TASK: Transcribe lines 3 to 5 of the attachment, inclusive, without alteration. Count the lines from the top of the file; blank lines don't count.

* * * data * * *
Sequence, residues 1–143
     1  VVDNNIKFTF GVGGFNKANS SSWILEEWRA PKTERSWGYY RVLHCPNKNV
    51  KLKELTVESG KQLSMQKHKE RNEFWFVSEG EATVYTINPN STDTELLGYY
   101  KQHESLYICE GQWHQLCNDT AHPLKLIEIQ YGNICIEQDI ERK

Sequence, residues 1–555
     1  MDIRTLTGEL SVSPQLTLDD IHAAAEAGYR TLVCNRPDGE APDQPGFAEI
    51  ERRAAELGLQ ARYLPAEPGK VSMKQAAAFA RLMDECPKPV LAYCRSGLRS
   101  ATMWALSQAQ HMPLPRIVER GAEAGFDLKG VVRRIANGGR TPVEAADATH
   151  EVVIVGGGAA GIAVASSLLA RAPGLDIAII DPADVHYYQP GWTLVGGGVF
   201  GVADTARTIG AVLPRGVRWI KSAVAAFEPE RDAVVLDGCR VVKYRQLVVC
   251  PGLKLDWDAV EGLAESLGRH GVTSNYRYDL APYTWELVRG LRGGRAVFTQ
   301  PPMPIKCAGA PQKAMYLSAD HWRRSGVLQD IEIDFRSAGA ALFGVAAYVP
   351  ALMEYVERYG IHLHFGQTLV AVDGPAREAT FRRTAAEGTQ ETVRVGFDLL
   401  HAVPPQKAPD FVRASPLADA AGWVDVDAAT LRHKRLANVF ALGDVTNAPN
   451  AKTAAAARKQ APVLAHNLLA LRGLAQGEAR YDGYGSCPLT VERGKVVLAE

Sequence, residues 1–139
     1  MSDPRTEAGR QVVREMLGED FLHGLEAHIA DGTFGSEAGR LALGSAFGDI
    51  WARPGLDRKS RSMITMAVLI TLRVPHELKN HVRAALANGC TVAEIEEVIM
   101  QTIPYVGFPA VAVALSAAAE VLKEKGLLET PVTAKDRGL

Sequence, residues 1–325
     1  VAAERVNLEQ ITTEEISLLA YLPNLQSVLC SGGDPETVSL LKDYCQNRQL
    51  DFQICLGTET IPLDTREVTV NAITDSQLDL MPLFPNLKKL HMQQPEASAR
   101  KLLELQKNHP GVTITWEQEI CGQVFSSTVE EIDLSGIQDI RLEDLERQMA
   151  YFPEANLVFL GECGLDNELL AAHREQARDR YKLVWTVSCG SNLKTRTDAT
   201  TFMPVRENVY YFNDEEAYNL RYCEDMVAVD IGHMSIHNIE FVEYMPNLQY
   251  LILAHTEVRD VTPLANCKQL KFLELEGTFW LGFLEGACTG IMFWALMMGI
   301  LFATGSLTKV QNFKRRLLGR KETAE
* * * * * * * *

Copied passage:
    51  KLKELTVESG KQLSMQKHKE RNEFWFVSEG EATVYTINPN STDTELLGYY
   101  KQHESLYICE GQWHQLCNDT AHPLKLIEIQ YGNICIEQDI ERK

Sequence, residues 1–555